Intermediate - adds the specified number of Z Heights between existing Z Heights.

    Appending Z Heights
    Z Heights can be also be used from saved Area Clearance Toolpaths. When a toolpath is activated the Append button becomes active.

  6. Step 6:

    Profiling
    A profile can be performed at each level to remove steps that will be left by the cutter Before, During, or After a Raster - Area Clearance strategy. Additional profile passes can be applied when machining either on either Every Z, or the Last Z level with Offset, Profile or Raster strategies. Note: Offset and Profile strategies inherently follow the component profile.

  7. Step 7:

    When
    This determines when the profile pass takes place during machining. There are 4 options

    None – No profiling pass is performed
    Before – PowerMILL will perform the profiling first and then the raster path.
    During – As the raster path is generated it will find profile paths as it goes.
    After – PowerMILL performs the profile pass last.

    Cut Direction
    This determines the direction of the tool. Choosing a single direction will more than likely lead to more lifts generated.
    Any – this allows the cutter to travel in both directions allowing it to climb mill and conventional mill.
    Climb – this will force the cutter to only travel in one direction so that it is always climb milling.
    Conventional – this will force the cutter to only travel in one direction so that it is always conventionally milling.

  8. Step 8:

    Final Profiling Pass
    This option is held in the profiling area of the main area clearance toolbar and allows the user to make an additional, final profiling pass to further reduce tool wear.
    Allow tool outside block
    The Allow tool outside block tick box is located in the Expert Area Clearance form, which is opened by selecting the tab midway down the right hand side of the main form.
    This enables the first pass of an Offset or Raster pass to be performed to the specified Stepover, rather than the full radius of the tool.

  9. Step 9:

    Ramping
    This provides a way to lead down onto a tooltrack where it is impossible to approach from outside the Block at the full machining depth (eg within a pocket).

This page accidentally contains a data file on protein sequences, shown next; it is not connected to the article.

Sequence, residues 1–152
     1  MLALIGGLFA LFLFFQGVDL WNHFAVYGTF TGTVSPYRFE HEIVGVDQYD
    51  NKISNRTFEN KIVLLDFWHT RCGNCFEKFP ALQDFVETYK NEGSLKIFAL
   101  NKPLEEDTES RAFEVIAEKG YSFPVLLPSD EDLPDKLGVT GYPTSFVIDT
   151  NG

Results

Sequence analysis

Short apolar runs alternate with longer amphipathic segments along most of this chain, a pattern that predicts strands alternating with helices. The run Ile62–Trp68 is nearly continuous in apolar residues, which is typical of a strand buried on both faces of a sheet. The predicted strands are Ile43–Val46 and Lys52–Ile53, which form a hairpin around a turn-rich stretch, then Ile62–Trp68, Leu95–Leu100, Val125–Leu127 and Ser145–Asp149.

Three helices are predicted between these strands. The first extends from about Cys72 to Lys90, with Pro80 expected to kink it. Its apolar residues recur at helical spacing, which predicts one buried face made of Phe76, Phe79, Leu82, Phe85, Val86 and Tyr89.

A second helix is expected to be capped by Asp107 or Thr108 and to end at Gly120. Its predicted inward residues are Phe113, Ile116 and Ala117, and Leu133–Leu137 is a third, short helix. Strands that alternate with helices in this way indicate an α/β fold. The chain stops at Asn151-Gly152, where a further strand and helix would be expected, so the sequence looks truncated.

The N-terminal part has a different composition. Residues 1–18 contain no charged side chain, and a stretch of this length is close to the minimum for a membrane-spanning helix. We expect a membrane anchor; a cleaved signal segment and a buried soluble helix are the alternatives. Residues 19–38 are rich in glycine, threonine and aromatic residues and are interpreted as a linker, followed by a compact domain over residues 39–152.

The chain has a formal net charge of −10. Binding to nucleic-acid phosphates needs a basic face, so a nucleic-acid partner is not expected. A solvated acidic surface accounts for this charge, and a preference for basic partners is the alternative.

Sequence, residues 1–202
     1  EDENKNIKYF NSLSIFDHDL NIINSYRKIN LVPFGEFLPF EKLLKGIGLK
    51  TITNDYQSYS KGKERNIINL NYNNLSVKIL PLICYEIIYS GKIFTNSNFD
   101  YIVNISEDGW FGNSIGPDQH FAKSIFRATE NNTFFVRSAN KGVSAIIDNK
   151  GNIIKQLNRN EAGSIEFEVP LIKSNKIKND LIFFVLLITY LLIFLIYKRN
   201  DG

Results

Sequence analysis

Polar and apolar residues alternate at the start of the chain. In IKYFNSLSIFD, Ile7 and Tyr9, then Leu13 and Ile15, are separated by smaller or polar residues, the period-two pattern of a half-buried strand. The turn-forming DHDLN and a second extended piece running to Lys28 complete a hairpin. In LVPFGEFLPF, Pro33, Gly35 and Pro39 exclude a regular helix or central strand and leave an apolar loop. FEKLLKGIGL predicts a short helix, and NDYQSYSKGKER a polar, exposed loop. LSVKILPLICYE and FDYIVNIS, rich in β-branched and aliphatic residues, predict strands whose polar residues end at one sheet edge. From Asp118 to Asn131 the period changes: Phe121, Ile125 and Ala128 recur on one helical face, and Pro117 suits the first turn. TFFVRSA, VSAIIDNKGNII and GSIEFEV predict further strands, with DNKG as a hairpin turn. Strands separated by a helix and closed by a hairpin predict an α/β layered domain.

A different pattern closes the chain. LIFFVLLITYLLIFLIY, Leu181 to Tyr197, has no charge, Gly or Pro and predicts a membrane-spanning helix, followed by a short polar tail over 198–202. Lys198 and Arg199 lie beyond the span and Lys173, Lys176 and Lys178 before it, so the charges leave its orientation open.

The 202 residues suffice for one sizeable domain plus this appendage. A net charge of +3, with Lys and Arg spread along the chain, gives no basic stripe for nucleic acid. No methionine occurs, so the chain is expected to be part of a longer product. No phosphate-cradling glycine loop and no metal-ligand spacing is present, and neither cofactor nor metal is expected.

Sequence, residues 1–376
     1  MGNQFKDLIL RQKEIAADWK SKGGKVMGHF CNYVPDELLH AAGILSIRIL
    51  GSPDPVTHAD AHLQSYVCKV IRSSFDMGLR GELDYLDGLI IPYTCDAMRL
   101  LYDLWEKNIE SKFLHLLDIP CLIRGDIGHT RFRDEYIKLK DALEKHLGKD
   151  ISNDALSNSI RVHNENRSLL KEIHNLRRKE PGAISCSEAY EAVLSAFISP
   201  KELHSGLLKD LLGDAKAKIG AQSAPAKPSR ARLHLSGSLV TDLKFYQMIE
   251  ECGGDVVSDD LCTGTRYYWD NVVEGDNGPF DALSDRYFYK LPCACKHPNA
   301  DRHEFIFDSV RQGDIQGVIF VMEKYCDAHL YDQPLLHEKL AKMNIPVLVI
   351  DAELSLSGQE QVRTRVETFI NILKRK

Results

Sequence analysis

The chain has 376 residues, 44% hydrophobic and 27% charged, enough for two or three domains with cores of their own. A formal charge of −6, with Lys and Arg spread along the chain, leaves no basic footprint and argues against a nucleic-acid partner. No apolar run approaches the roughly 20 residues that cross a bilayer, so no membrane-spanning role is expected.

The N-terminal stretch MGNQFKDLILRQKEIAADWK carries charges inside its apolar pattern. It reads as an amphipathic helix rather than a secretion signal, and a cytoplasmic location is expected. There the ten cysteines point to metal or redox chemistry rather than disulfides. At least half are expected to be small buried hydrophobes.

The Zig angle is the angle of descent along the machining direction as the tool ramps into the material. There are 3 different types of ramp move following the geometry of the Toolpath, a Circle, or a Line. If the length of the Zig angle is limited to a finite distance a ramp move in the opposite direction, Zag angle can be applied.

    The Ramp Length is defined as ‘Tool Diameter Units’ (TDU). For example, with a 10mm diameter tool, A Ramp Length of 2 TDU’s would equal 20mm. Normally the Ramp Length should be greater than the tool diameter to allow swarf to clear from beneath the tool.

    Zag Angle
    If a finite ramp length has been specified, then PowerMILL will insert Zag moves. The default setting for Zag angle has the Independent flag set - which means the angle, is defined manually. The default angle is 0 degrees. When unset, it will be the same value as the Zig angle.

    If Approach Outside is set, and where it is practical for it to operate without gouging it will take priority over Ramping.

    If the defined geometry for a Ramp move is such that it would cause a gouge then it will be replaced by a Plunge move.

  10. Step 10:

    Machining Flats
    The area clearance strategies in PowerMILL have an option that allows the user to control the way in which flat areas of the model are rough machined. These are found on the area clearance form under Machine Flats.

    • Import the model ….\PowerMILL_Data\Models\Flats.dgk
    • Create a 12mm diameter End Mill tool and name it EM12
    • Calculate the Block using the default settings.
    • Set the Rapid Move Heights and check Start/End Point is set to default; Start Point - Block Centre Safe and End Point - Last Point Safe.

    • From the Toolpath Strategies form, select Offset Area Clearance.
    • Apply and then Cancel the form

    It can be seen that with Machine Flats - Off the toolpath has ignored the flat surfaces of the model. It has maintained a constant Stepdown value and completely performed area clearance across the material Block at each Z Height.
    • Right mouse click over the Active toolpath and in the local menu select Settings
    • Select make a Copy of the toolpath.
    • Change the Machine Flats option to LEVEL (This is the default).
    • Change the name to Flats_Level.
    • Apply and then Cancel the form

  11. Step 11:

    The Area Clearance toolpath now removes material from the Flat surfaces leaving just 1.1mm this is equal to the thickness plus the tolerance set in the form. Where new slices have been added, the toolpath clears all the way to the edge of the block.

    • Right mouse click over the Active toolpath and in the local menu select Settings
    • Select make a Copy of the toolpath.
    • Change the Machine Flats option to AREA.
    • Change the Name to Flats_Area.
    • Apply and then Cancel the form.

  12. Step 12:

    The Component is fully area cleared at the general Stepdown heights and locally to the edge of the component Flat areas. This provides a shorter toolpath compared with using the Level option.
    • Save Project as:- D:\users\training\Projects\AreaClearFlats

  13. Step 13:

    //Thanks//

Comments

Please log in to add comments